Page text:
Posted on October 10, 2022

US Army Will Rename Nine Forts That Honor Confederate Generals

Sophie Mann, Daily Mail, October 7, 2022

The US Department of Defense has announced it will rename the nine US military bases that bear named of officers of the Confederacy.

The effort will cost the American taxpayers $62.5 million and likely begin early next year.

On Thursday, Defense Secretary Lloyd Austin gave the official nod of approval to put into action the final recommendations made by the renaming commission, which included recommendations to alter upward of 1,000 installations and facilities, including the nine major Army bases, that were originally named after leaders of the Confederacy.

The nine Army bases that will soon bear new names are Fort Benning and Fort Gordon in Georgia; Fort Bragg, North Carolina; Fort Hood, Texas; Fort Rucker, Alabama; Fort Polk, Louisiana; and Fort A.P. Hill, Fort Pickett, and Fort Lee in Virginia.

The Naming Commission released a list of potential new names for the bases back in May, names that included ‘Fort Eisenhower’ for Fort Gordon and ‘Fort Liberty’ for Fort Bragg, among others.

The renaming will likely begin in December or the new year, following a congressionally-mandated 90-day waiting period.

Former President Donald Trump previously took a strong stance against the idea of renaming Confederate bases, going so far as to threaten to veto the Defense Spending bill in order to prevent the move from happening.

In 2020, he pushed Congressional Republicans to refrain from voting for an amendment introduced by Senator Elizabeth Warren (D-Mass.) to strip the bases of their Confederate monikers.

Republicans in Congress, as well as some who worked for Trump in the White House disagreed with his position and came out in favor of renaming the bases and other US installations named after leaders of the Confederacy.

‘The installations and facilities that our Department operates are more than vital national security assets. They are also powerful public symbols of our military, and of course, they are the places where our Service members and their families work and live,’ said Defense Secretary Lloyd Austin.

‘The names of these installations and facilities should inspire all those who call them home, fully reflect the history and the values of the United States, and commemorate the best of the republic that we are all sworn to protect,’ he added.

The plan to rename the forts and other vestiges of Confederate military fighters will ‘will give proud new names that are rooted in their local communities and that honor American heroes whose valor, courage, and patriotism exemplify the very best of the United States military,’ he wrote.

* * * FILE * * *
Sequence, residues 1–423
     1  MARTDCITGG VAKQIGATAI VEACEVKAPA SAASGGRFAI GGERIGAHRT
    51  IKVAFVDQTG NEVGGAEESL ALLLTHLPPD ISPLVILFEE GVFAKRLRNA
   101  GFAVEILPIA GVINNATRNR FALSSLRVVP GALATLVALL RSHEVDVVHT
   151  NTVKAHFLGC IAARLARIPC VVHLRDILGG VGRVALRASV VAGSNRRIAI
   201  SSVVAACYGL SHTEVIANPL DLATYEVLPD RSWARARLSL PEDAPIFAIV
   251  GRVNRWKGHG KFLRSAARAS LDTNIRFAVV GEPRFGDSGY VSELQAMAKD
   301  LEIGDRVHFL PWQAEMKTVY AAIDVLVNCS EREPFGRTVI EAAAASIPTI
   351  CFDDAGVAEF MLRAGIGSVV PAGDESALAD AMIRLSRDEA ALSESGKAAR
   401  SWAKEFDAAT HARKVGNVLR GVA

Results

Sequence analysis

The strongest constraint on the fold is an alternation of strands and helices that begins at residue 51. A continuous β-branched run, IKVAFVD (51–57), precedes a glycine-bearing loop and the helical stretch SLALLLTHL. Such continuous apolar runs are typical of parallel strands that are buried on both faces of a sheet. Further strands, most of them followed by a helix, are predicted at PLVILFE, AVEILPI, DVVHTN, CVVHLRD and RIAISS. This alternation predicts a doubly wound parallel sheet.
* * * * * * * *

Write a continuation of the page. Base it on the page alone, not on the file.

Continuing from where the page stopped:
A large handful of army bases were named to honor Confederate generals as US troops trained to enter both world wars, specifically because of a policy that allowed regional commanders to oversee the naming process of the forts.

According to the final of three reports from the renaming commission, the process will cost DoD $62.5 million and will be comprised of renaming more than 1,000 installations and facilities bearing the name of rebel officers.

The committee initially offered a number of recommendations for names to be given to the bases as replacements.

They included World War Two hero Audie Murphy, former Secretary of State Colin Powell and ex-President Dwight Eisenhower, among others.

Murphy, a former US Army soldier, became the most-decorated serviceman of World War Two. Powell was the first black person to serve as Secretary of State, between 2001 and 2005, and died last year.

Eisenhower was a hero World War Two commander who later served as president between 1953 and 1961. He is credited with a series of public works programs – including the Interstate system – that helped transform America into the world’s only hyper-economy.

In the committee’s first report, which was released in early August, the body appeared to have narrowed down the candidates for each fort to one name.

Fort Benning in Georgia, they suggest renaming after Lieutenant General Hal Moore and Julia Moore – heroes of the Korean War who are buried at the fort.

Fort Bragg in North Carolina, they suggest naming ‘in commemoration of the American value of Liberty.’

Fort Gordon in Georgia, they suggest renaming for General of the Army and 34th president of the United States Dwight Eisenhower.

Fort AP Hill in Virginia, they suggest renaming after Dr. Mary Edwards Walker – an abolitionist, prisoner of war and surgeon.

Fort Hood in Texas, they suggest naming after General Richard Cavazos – US Army’s first Hispanic four-star general, who served in the Vietnam War.

Fort Lee, in Virginia, they suggest renaming in commemoration of Lieutenant General Arthur J. Gregg and Lieutenant Commander Charity Adams – respectively, one of the army’s foremost logistics leaders with a nearly four-decade military history, and the first African-American woman to be an officer in the Women’s Auxiliary Corps.

Fort Pickett, in Virginia, the committee has recommended naming after officer Van Thomas Barfoot – a Medal of Honor recipient for his actions in World War II.

Fort Polk, in Louisiana, they suggest be renamed to commemorate Sergeant William Henry Johnson – a US Army soldier who became part of the first African American unit in the Army to engage in combat during World War I.

And Fort Rucker, the committee has suggested be renamed after Michael J. Novosel Jr., a medal of honor recipient who flew the B-29 Superfortress bomber in World War II.